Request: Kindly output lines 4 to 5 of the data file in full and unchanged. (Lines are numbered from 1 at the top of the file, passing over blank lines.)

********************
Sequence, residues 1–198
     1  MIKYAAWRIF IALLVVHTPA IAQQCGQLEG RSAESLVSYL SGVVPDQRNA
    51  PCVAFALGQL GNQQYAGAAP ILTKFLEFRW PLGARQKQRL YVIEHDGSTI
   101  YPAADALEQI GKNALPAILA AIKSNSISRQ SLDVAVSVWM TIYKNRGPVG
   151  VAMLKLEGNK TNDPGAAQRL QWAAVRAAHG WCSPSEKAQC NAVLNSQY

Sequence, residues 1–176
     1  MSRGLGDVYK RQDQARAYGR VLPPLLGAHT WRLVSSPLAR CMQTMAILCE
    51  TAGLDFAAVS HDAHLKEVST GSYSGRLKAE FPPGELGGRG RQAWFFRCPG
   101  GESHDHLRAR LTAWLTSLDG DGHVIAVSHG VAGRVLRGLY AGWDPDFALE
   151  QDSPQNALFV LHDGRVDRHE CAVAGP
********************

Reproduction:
   101  YPAADALEQI GKNALPAILA AIKSNSISRQ SLDVAVSVWM TIYKNRGPVG
   151  VAMLKLEGNK TNDPGAAQRL QWAAVRAAHG WCSPSEKAQC NAVLNSQY